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Living in a Japanese onsen: field observations and physiological measurements of hot spring amphibian tadpoles, Buergeria japonica

In: Amphibia-Reptilia
Authors:
Shohei Komaki1Global Career Design Center, Hiroshima University, 1-7-1, Higashi-Hiroshima, Hiroshima 739-8514, Japan

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Quintin Lau2Department of Evolutionary Studies of Biosystems, Sokendai (The Graduate University for Advanced Studies), 1560-35, Hayama, Kanagawa 240-0193, Japan

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Takeshi Igawa3Division of Developmental Science, Graduate School for International Development and Cooperation, Hiroshima University, 1-5-1, Higashi-Hiroshima, Hiroshima 739-8529, Japan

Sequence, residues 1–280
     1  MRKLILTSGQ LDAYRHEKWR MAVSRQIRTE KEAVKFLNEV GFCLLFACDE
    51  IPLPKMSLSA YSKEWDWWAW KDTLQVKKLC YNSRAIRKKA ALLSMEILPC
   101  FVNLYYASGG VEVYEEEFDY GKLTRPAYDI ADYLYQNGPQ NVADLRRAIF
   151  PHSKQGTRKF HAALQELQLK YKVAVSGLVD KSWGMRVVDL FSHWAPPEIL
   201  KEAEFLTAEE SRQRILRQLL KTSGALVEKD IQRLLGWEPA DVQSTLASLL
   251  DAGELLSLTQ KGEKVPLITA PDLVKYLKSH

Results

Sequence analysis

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The Japanese stream tree frog, Buergeria japonica, is widely distributed across the southern islands of Japan and Taiwan. While the species is known to inhabit hot springs, this has only been reported in Taiwan. To further understand the utilization of hot springs by B. japonica, we conducted field observations of tadpoles from a hot spring on Kuchinoshima Island, a tiny volcanic island of southwestern Japan. We found that tadpoles on Kuchinoshima Island inhabited hot spring pools with extremely high temperatures that exceeded temperatures in which any other amphibians have been found. In addition, we conducted thermal tolerance measurements and found that the thermal tolerance of B. japonica tadpoles was high. These findings suggest that high thermal tolerance of B. japonica is maintained even at the northern tip of its distribution, and this has allowed them to widen their available niche and inhabit a hot spring on the tiny island of Kuchinoshima.

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